10 Grand Prix of Europe European GP Germany Nürburgring, Nürburg 22 July
11 Magyar Nagydíj Hungarian GP Hungary Hungaroring, Budapest 5 August
12 Petrol Ofisi Turkish Grand Prix Turkish GP Turkey Istanbul Park, Tuzla 26 August
13 Gran Premio d'Italia Italian GP Italy Autodromo Nazionale Monza, Monza 9 September
14 ING Belgian Grand Prix Belgian GP Belgium Circuit de Spa-Francorchamps, Spa 16 September
15 Fuji Television Japanese Grand Prix Japanese GP Japan Fuji Speedway, Oyama 30 September
16 Sinopec Chinese Grand Prix Chinese GP China Shanghai International Circuit, Shanghai 7 October
17 Grande Prêmio do Brasil Brazilian GP Brazil Autódromo José Carlos Pace, São Paulo 21 October
  • On 29 August 2006, The FIA published a provisional calendar for the 2007 Formula One season. The San Marino and European Grands Prix were excluded, although the European round would later make a comeback (see below).[10] The final calendar (above), which confirmed that the San Marino Grand Prix would not return, was released on 18 October 2006.[11]
  • For the first time in nearly half a century, no German Grand Prix was held as a result of the circuits previously hosting a Grand Prix in Germany beginning to alternate in organizing the German Grand Prix. However, Hockenheim controlled the descriptor "German Grand Prix" and an agreement could not be reached between them and the Nürburgring circuits for the naming rights. The Nürburgring event therefore retained its usual Grand Prix of Europe title.[12]
  • After twenty years of being hosted at the Honda-owned Suzuka Circuit, the Japanese Grand Prix moved to Toyota's rebuilt Fuji Speedway, a circuit that F1 had not been raced at since 1977.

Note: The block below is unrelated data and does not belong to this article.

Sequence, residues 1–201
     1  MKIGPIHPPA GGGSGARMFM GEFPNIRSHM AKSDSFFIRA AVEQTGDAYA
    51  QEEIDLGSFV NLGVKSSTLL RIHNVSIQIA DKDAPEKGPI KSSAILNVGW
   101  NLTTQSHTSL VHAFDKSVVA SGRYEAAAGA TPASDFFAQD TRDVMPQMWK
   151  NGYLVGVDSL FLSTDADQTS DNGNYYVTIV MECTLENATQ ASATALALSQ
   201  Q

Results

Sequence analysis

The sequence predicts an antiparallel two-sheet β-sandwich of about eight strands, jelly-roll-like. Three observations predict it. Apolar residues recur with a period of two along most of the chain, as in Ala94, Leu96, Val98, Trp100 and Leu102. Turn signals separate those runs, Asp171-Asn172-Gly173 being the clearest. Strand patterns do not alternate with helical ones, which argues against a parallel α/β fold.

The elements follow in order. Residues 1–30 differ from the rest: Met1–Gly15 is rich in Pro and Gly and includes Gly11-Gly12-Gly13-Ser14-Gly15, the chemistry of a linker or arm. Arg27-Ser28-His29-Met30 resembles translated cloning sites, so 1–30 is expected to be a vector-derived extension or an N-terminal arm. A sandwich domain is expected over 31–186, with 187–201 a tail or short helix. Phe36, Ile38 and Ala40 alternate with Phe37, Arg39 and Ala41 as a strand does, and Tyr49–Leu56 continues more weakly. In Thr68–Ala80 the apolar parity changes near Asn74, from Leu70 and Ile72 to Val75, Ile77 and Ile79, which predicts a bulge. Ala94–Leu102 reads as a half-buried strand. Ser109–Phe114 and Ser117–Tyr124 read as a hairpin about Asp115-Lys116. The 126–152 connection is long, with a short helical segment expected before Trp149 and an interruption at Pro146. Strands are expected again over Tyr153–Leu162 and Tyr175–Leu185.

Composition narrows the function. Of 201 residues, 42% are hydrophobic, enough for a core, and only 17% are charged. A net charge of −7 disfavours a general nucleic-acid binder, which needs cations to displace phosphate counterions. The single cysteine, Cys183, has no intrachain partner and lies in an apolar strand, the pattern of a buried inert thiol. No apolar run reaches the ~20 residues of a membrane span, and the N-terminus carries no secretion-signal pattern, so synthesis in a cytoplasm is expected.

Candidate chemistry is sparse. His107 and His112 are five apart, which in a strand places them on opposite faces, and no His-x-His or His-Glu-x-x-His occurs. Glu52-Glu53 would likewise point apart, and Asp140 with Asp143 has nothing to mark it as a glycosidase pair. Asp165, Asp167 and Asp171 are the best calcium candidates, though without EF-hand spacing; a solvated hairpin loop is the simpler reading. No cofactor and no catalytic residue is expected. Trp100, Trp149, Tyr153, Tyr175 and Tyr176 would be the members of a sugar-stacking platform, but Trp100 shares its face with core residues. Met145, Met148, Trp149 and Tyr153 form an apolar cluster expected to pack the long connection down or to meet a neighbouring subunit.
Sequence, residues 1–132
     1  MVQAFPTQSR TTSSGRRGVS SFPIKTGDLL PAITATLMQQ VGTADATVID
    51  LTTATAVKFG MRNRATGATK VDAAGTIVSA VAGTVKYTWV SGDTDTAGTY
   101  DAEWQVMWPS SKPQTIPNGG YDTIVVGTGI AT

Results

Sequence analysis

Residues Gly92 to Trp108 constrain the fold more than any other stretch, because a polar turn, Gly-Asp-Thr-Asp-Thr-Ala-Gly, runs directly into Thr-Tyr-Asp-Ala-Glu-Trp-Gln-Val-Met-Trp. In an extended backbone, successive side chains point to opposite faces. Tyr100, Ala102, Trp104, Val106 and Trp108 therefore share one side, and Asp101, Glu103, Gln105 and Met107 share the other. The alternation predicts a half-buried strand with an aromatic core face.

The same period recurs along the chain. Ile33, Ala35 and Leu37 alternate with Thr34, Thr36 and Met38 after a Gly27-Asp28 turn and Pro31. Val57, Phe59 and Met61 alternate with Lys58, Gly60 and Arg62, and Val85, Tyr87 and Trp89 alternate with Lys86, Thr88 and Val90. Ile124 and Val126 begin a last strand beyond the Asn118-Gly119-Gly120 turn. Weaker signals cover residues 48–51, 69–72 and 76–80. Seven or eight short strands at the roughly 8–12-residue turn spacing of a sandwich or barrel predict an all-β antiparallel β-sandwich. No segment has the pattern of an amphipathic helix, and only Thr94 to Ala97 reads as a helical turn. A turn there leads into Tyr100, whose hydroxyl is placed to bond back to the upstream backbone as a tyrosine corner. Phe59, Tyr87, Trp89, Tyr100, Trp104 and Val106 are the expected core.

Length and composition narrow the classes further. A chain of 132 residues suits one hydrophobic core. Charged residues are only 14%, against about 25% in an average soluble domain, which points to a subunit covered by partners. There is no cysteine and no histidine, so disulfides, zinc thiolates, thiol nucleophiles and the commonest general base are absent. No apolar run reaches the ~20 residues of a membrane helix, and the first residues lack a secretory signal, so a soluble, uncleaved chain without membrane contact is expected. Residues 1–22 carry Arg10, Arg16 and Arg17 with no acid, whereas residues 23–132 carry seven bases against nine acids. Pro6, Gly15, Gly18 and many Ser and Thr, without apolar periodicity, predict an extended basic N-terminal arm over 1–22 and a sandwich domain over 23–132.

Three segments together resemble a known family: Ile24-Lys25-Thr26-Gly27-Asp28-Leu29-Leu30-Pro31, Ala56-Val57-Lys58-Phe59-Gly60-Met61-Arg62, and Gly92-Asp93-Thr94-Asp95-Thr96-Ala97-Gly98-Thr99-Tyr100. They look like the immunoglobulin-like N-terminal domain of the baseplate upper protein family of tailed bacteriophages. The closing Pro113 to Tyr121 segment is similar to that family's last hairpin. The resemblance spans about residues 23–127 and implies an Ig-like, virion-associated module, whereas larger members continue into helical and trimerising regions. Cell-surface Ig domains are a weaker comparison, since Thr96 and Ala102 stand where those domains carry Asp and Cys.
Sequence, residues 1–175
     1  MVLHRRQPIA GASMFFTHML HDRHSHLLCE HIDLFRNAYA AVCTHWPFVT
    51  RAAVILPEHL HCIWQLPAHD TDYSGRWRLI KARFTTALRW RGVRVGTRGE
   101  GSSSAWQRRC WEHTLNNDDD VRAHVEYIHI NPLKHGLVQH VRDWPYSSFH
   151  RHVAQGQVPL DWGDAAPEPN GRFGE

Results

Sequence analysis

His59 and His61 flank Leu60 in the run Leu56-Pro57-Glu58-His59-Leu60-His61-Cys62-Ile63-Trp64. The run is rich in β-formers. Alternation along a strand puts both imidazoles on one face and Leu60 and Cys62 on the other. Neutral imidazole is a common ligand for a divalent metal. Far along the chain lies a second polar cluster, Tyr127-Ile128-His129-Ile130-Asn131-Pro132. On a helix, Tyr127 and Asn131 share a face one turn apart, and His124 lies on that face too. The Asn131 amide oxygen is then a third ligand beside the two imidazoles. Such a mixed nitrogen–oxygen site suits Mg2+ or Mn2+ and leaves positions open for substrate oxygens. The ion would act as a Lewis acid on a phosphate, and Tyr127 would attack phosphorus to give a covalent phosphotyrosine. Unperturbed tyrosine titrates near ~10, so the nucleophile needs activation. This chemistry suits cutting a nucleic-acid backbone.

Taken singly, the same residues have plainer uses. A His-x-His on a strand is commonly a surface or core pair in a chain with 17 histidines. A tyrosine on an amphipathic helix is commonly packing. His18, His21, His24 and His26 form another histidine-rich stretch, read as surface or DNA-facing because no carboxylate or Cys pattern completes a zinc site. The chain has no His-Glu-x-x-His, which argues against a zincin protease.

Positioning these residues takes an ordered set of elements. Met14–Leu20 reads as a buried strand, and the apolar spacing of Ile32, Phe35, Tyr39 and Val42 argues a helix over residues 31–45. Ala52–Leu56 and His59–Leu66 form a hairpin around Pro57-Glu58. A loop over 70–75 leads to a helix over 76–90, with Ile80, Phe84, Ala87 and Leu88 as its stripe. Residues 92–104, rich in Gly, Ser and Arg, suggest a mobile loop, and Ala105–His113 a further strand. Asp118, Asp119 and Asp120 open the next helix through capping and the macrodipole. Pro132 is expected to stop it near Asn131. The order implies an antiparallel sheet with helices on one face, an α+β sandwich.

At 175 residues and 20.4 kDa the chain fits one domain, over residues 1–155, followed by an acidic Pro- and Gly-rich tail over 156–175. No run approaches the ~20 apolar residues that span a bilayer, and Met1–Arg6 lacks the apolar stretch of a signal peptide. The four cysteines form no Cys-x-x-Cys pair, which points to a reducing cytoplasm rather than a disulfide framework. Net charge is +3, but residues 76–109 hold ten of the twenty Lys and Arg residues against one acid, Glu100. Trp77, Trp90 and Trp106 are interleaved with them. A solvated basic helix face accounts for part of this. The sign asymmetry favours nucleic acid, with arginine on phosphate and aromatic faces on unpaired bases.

• For the first time since 1975, all races were held in different countries (only one race for any one nation).

Changes[edit]

Rule changes[edit]

  • Although the FIA had planned to introduce a regulation single tyre manufacturer from 2008, there only was one supplier (Bridgestone) from 2007 to 2010, since Bridgestone's only rival, Michelin, ended their participation in Formula One after the 2006 season.
  • Tyres were supplied in accordance with the revised Sporting Regulations, which provided for a total of 14 sets of dry weather tyres per driver over the race weekend: four sets for Friday only, and 10 for the rest of the weekend.
Top: harder tyre (officially named the 'prime' tyre).
Bottom: softer tyre (the 'option' tyre), at the Malaysian Grand Prix.
  • Also, during the race, both compounds of tyre (hard and soft) had to be used at least once during the race. Initially, in the Australian Grand Prix, soft tyres were marked with a white spot. However, this was difficult to see when the car was in motion and, as of the Malaysian Grand Prix, one of the four grooves in the soft compound tyre was painted white.[13]
  • The teams finishing 5th–11th in the previous seasons' Constructors' Championship were no longer allowed to run a third car on Friday following a rule change.[14] The teams that finish 1st–4th were already banned from doing so.
  • Engine development was frozen from the 2006 Japanese Grand Prix, with these engines being used for the whole of 2007 and 2008. This was described as engine "homologation" by the FIA. It was previously set to be introduced in 2008.[15]
  • All cars were fitted with red, blue and yellow cockpit lights. The purpose was to give drivers information concerning track signals or conditions. The lights had to be LEDs each with a minimum diameter of 5 mm and which were fitted so as to be directly in the driver's normal line of sight.[16]
  • In order to give rescue crews an immediate indication of accident severity each car had to be fitted with a warning light which was connected to the FIA data logger. The light had to face upwards and be recessed into the top of the survival cell no more than 150 mm from the car centre line and the front of the cockpit opening and as near to the marshal neutral switch as is practical.[16]
  • The two Friday practice sessions were expanded from 60 minutes to 90 minutes. All teams were allowed to use two cars, which could be driven by either the two race drivers or a nominated third driver.[17]